DALLAS, Oct. 18, 2019 — According to a recent report by the Kauffman Foundation, specific social factors such as geography, gender and race contribute to the performance and outcomes of entrepreneurs’ business ventures. To combat those barriers, the American Heart Association, the world’s leading nonprofit organization focused on heart and brain health for all, yesterday awarded approximately $100,000 in training and grants to empower entrepreneurs whose innovative ideas address health disparities in under-resourced communities.
During a ceremony held yesterday at the National Museum of African American History and Culture in Washington, D.C., nine social entrepreneurs presented their business solutions designed to help close health disparity gaps. The top candidate, Russell Fearon, co-founder of Sugex, a wearable device that helps people manage their diabetes, received a $50,000 grant as well as an additional $5,000 for receiving the highest number of fan votes. Second place recipient, Jeremy Goss, received a $20,000 grant in support of The Link Market, which addresses food insecurity and transportation barriers by providing affordable groceries at metro stations.
Now in its third year, the EmPOWERED to Serve Business AcceleratorTM has trained more than 30 entrepreneurs in an eight-week MBA-style course focused on market positioning, brand development, fundraising and other business strategies to enhance the viability of their projects.
“The past two months have been life changing for me,” said Russell Fearon, co-founder of Sugex, a wearable device that helps people manage their diabetes. While the financial gift will propel my business to greater heights, the knowledge I have gained, mentors I have met and connections I have made, will pay dividends.”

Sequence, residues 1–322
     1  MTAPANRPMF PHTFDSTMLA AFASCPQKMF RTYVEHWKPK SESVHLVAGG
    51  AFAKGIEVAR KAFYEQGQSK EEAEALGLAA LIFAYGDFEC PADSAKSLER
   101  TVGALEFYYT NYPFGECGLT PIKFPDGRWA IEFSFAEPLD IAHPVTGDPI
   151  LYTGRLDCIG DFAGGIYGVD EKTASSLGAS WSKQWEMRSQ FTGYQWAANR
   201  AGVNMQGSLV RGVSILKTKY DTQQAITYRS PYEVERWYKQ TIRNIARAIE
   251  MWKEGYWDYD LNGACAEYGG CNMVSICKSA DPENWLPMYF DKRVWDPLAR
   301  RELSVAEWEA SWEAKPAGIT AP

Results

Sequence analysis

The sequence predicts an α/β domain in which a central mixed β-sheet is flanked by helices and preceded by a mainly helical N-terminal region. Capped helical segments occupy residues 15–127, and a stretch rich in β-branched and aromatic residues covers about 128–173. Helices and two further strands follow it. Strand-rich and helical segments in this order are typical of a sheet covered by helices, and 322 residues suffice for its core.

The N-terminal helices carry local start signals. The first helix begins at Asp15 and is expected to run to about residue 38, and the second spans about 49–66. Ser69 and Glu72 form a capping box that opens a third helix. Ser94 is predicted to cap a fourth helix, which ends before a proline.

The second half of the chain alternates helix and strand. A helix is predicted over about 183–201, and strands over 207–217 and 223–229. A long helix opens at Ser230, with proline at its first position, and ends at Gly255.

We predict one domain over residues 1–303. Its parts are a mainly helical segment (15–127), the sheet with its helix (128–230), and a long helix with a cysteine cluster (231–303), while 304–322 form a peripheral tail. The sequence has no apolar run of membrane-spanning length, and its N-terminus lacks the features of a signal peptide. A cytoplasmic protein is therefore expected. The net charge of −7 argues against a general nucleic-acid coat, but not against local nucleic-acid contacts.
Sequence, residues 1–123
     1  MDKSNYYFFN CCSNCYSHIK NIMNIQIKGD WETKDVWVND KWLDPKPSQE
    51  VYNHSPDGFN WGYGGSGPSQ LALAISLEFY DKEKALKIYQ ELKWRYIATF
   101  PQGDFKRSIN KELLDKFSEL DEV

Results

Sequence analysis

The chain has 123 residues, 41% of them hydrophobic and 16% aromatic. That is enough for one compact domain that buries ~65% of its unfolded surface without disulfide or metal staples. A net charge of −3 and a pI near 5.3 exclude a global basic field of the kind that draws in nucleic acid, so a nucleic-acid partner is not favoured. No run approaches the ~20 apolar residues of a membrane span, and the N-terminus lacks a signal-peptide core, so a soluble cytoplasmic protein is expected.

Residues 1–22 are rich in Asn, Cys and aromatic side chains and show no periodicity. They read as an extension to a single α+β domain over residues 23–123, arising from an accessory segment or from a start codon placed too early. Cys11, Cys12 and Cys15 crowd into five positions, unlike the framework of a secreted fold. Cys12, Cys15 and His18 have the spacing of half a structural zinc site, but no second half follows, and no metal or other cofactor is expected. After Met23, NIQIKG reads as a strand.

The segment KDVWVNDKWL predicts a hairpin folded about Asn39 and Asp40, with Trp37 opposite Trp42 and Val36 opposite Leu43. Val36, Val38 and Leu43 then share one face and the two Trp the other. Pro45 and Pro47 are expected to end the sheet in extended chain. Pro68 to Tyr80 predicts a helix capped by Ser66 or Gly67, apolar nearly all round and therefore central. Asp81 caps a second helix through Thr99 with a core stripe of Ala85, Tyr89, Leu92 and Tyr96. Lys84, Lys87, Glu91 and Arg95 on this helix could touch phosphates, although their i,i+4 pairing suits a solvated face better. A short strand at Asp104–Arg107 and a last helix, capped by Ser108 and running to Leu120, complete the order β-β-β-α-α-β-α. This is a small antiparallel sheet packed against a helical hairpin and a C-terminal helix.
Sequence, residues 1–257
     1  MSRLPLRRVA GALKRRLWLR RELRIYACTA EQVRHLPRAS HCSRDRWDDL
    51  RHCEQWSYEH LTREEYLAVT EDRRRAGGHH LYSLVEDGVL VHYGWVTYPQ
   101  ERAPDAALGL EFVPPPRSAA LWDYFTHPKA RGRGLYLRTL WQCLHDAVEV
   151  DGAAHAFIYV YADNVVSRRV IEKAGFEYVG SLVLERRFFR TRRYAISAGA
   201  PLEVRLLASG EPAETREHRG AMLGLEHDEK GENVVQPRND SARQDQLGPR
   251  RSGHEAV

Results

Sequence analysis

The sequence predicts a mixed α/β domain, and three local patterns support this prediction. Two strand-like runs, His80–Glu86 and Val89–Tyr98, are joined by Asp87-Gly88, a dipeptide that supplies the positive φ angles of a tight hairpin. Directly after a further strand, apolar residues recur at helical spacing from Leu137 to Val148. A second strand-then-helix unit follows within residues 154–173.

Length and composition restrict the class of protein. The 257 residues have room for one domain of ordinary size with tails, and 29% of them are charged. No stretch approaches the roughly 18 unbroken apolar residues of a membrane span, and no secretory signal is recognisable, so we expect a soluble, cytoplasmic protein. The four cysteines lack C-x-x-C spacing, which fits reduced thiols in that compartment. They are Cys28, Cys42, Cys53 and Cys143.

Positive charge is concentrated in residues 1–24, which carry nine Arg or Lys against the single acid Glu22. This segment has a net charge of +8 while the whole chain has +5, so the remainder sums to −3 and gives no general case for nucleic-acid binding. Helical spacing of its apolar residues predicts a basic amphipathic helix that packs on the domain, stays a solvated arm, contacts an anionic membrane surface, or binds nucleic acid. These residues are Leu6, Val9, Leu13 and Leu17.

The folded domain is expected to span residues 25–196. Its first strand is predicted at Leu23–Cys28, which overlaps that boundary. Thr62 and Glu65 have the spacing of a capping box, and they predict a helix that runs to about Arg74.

Through the Accelerator, the Association has supported entrepreneurs whose solutions provide healthy fruits and vegetables to those living in food deserts, develop education programs that help barbershop patrons advocate for their health and create STEM opportunities to improve the quality of education.
“These changemakers are disrupting the status quo by getting to the root of the barriers that prevent people from living healthy lives,” said Lawrence Griffith, technology entrepreneur, philanthropist and American Heart Association EmPOWERED to Serve volunteer. “Together, we will build powerful partnerships to change behaviors, expand access to resources and improve long-term health.”
Nearly 50 million people in the United States are forced to choose between paying rent, buying medicine and eating healthy foods. Social factors, including neighborhood, economic position and educational status impact health by as much as 80%. Under-resourced and low-income populations have a higher risk of developing heart disease, the number one killer of all Americans.
Entrepreneurs and innovators with community-based solutions can get involved by becoming an EmPOWERED to Serve ambassador at empoweredtoserve.org. The application deadline for the 2020 National EmPOWERED to Serve Business Accelerator will be announced in the Spring.
About the American Heart Association
The American Heart Association is a relentless force for a world of longer, healthier lives. We are dedicated to ensuring equitable health in all communities. Through collaboration with numerous organizations, and powered by millions of volunteers, we fund innovative research, advocate for the public’s health and share lifesaving resources. The Dallas-based organization has been a leading source of health information for nearly a century. Connect with us on heart.org, Facebook, Twitter or by calling 1-800-AHA-USA1.
For Media Inquiries:
Susan Young: 214-706-1508; Susan.Young@Heart.org
Luz Varela: 214-706-4852; Luz.Varela@Heart.org
For Public Inquiries:
heart.org and strokeassociation.org
 Hw Hwang, V., Desai, S., and Baird, R. (2019) “Access to Capital for Entrepreneurs: Removing Barriers,” Ewing Marion Kauffman Foundation: Kansas City